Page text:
Tags: london | religion | idols

Author London: Modern Idols Skew U.S. Values

By Lowell Ponte   |   Thursday, 02 Oct 2008 04:43 PM

Herbert London, president of the influential Hudson Institute think tank, believes that a godless religion shares some traits with God-based faith, but not in a good way

London sat down for an interview with Newsmax to reflect on his 14th book:

NEWSMAX: Your new book is titled “America’s Secular Challenge: The Rise of a New National Religion.” But isn’t godless secularism the opposite of God-oriented religion?

LONDON: In a way it is, and yet what has happened is that the characteristics of a religion — namely prophets, a Bible, and doctrines — an be found in what I’m describing as the rise of a new religion. The prophets generally can be found on the West Side of Manhattan; the Bible is the New York Times Editorial Page; the doctrines are atheism, moral relativism, multiculturalism, sexual freedom, and the loss of national confidence. My book goes through what I regard as the characteristics of this new religion.

NEWSMAX: Should we think of secular-humanist belief systems such as Marxism or national socialism as pagan religious cults that want to drive competing religions out of the public square?

[Editor's Note: Read a review of London’s book” — Go Here Now].

LONDON: They do want to drive Christianity and Judaism out of the public square. Father Richard Neuhaus once used the expression “the naked public square,” but the public square is never naked. There are always people who have views, and those views are part of what becomes the national amalgam.

This new national religion represents a relatively small portion of the population, but it has a more profound influence than its numbers might suggest. I don’t condemn all secularism. Secularism, even as the Pope once indicated, can be a very appropriate way of neutralizing the most toxic forms of religion. My book is about radical secularism.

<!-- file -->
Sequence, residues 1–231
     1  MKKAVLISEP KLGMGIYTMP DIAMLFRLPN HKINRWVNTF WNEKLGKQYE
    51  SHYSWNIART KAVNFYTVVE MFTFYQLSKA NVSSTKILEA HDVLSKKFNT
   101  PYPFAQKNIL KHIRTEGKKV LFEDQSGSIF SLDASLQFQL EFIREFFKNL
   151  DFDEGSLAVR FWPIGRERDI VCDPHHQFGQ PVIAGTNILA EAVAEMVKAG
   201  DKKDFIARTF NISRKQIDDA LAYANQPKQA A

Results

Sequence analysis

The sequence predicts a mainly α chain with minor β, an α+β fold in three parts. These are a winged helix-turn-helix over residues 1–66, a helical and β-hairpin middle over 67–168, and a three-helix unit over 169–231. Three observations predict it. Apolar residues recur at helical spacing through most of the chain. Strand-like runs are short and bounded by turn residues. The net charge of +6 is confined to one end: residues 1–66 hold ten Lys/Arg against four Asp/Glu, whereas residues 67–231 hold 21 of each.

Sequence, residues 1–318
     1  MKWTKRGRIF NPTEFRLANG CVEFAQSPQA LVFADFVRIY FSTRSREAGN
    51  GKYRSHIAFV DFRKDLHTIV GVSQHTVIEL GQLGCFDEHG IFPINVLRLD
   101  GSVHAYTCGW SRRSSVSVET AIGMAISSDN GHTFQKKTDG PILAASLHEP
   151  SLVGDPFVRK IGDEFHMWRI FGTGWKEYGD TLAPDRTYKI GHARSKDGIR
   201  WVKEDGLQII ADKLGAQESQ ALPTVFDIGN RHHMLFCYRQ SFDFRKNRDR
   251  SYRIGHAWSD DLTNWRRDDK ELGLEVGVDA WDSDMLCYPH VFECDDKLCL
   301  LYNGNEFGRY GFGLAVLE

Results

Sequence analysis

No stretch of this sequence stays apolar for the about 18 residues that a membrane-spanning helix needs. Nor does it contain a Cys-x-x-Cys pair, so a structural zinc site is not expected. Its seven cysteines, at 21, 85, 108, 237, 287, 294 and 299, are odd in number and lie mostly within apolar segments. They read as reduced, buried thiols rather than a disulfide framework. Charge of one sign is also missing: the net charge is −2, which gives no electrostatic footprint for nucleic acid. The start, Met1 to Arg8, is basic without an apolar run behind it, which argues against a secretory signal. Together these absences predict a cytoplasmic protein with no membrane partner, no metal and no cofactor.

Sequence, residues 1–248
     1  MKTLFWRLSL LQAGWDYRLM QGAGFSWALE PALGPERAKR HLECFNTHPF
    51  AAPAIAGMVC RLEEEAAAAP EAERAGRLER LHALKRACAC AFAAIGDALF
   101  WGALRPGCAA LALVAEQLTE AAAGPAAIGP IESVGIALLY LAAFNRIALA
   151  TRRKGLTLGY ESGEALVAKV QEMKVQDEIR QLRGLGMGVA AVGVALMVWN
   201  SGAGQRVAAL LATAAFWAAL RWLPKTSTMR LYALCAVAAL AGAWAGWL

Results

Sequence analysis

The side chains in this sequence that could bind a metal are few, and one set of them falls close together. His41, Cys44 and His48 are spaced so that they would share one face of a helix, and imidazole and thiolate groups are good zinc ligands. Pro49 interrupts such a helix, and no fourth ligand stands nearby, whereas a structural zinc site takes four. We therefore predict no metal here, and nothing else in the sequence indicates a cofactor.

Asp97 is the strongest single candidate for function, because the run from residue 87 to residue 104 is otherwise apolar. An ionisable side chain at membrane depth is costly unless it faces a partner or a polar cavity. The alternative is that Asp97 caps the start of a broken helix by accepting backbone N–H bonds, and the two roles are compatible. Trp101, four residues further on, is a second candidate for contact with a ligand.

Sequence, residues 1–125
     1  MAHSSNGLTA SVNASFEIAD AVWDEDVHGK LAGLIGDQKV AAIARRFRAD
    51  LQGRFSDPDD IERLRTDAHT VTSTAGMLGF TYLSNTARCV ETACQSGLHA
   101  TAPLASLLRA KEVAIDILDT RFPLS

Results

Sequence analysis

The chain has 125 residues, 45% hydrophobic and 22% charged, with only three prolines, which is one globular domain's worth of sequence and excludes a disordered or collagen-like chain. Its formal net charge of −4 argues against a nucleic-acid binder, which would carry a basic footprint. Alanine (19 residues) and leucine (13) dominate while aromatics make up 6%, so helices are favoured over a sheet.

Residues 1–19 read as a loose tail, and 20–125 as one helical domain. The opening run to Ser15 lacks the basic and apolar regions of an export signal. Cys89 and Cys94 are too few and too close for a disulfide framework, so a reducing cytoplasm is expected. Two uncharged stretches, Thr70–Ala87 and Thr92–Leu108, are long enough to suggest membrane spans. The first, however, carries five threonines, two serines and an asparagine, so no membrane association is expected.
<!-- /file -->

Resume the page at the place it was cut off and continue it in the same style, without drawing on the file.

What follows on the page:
NEWSMAX: Secularists often use the phrase “separation of church and state” from one of Thomas Jefferson’s private letters. But unlike those on the secular left who quote him today, Jefferson wanted the state kept very, very small, leaving the public square with lots of room for freedom of religion.

LONDON: I think that it was never freedom “from” religion, I think it was freedom “of” religion. I think Jefferson understood that. Jefferson used the expression “unalienable rights,” the rights provided by our Creator. There isn’t a European state, or for that matter a state anywhere else in the world, where rights are derived from any other body except the state. But if the state confers rights, then those rights can be taken away, as opposed to a system like ours where the rights cannot be withdrawn largely because they’re provided by our Creator. I believe that the most significant event of the last thousand years has been the founding of the United States.

NEWSMAX: Speaking of values, one of your three daughters, Stacy London, is an international television star and fashion maven as co-host of the popular TLC cable channel show, “What Not to Wear.” She’s said of you, “We don’t see eye to eye on that much politically, but he did instill a certain sense of propriety and right and wrong in me, which plays into my fashion sensibility.”

LONDON: I see her conservative instincts come to the surface. If someone on the program wears an outfit where her breasts are exposed, Stacy will say, “Would you please cover up?” Or when a youngster bares her midriff, Stacy says, “You know, you’re never going to get anywhere in professional life if you dress like that.” This is something that was passed down, and I feel very good about it.

[Editor’s Note: Get Herbert London’s book. Go here now.]

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